Allergan Textured Breast Implants: Recall

August 19, 2019

Last month, the pharmaceutical company Allergan announced a recall of their Biocell textured breast implants and tissue expanders in response to a request for a recall from the U.S. Food and Drug Administration (FDA). This recall comes after the release of a study linking textured breast implants with a rare kind of cancer called breast implant-associated anaplastic large-cell lymphoma (BIA-ALCL). Globally, there have been 573 cases of BIA-ALCL and 481 are attributed to Allergan BIOCELL textured breast implants. With the removal of these products from the global market, the FDA and Allergan hope to protect consumers from the potential increased risks associated with these textured implants.

BIA-ALCL is not breast cancer. It is a type of non-Hodgkin’s lymphoma, a cancer of the immune system. Most of the time, BIA-ALCL can be found in the scar tissue surrounding the implantation site, but in some cases it has been found to spread throughout the body. The earlier BIA-ALCL is diagnosed and treated, the better outcome patients can expect. While most cases of BIA-ALCL have been associated with Allergan’s BIOCELL textured breast implants, the FDA is recommending all patients considering breast implants of any type to be informed of the risk of developing BIA-ALCL.

It is important to note that the overall incidence of BIA-ALCL is relatively low, occurring in less than 1% of all breast implant patients. Every year in the US, nearly 400,000 people undergo a breast implant procedure, the vast majority of which do not result in an occurrence of BIA-ALCL. The reason for this recall is based on the evidence that Allergan’s textured implants are specifically linked to BIA-ALCL. At this time the FDA is not recommending the removal or replacement of textured implants or tissue expanders in women who are not experiencing any symptoms. In fact, the FDA believes the unnecessary removal of implants that are causing no problems is associated with more potential risks than leaving these implants in place.

If you have textured breast implants, the FDA recommends regular monitoring for symptoms of BIA-ALCL. Most of the people who have been diagnosed with BIA-ALCL went to their doctor after noticing fluid had collected around the implant years after placement. Doctors were able to test this fluid, called a seroma, which led to the diagnosis. In other cases, the diagnosis occurred after a mass was found or because the tissue around the implant tightened, causing discomfort and cosmetic issues. Those diagnosed with BIA-ALCL were treated by removing the implant and the scar tissue surrounding the implant. Radiation therapy and chemotherapy are rarely needed, but may be suggested in specific cases. If you are not experiencing any symptoms of BIA-ALCL, there is no need to remove the implants or make any changes to your regular medical care.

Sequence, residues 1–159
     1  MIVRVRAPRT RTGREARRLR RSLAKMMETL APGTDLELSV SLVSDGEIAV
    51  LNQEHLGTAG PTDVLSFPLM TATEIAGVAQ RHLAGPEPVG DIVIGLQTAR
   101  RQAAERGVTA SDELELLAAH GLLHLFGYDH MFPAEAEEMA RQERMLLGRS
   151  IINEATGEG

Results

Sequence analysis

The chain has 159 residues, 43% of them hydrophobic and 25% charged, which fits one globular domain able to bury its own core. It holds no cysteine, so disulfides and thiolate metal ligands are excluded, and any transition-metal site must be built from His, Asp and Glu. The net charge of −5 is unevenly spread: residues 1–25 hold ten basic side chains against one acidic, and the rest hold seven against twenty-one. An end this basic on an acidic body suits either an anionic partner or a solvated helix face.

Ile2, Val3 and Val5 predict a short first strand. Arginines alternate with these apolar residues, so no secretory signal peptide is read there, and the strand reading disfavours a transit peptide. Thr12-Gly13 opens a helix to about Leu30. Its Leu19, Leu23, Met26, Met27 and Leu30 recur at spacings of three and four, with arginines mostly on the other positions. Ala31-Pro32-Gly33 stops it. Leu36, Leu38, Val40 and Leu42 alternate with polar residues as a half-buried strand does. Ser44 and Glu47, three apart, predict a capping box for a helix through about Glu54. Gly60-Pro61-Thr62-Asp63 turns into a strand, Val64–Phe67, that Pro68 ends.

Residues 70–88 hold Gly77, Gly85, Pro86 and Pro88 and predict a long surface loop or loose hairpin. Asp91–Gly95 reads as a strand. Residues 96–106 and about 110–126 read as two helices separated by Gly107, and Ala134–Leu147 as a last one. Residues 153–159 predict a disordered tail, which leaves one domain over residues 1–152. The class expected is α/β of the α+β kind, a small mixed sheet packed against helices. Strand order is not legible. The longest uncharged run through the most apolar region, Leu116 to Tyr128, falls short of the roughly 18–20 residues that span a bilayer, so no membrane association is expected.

If you have an implant and are concerned, contact your doctor with any questions. They will be able to provide the best advice for your specific circumstances. Contact your doctor immediately if you are experiencing pain, lumps, swelling, or asymmetry, especially if these symptoms are surfacing years after your procedure. If you are considering breast implants, talk to your doctor about the risks and benefits of both textured and smooth implants. Your doctor will be able to give you all the information on your implant options and provide expert medical advice on what implant is best for you.

Dr. Teotia runs a practice centered on client health and satisfaction. Empowering clients with the knowledge to make the best decisions for their plastic surgery goals is an essential aspect of the process. Dr. Teotia and her experienced team will continue to provide informed medical advice based on the latest data and information released by the FDA.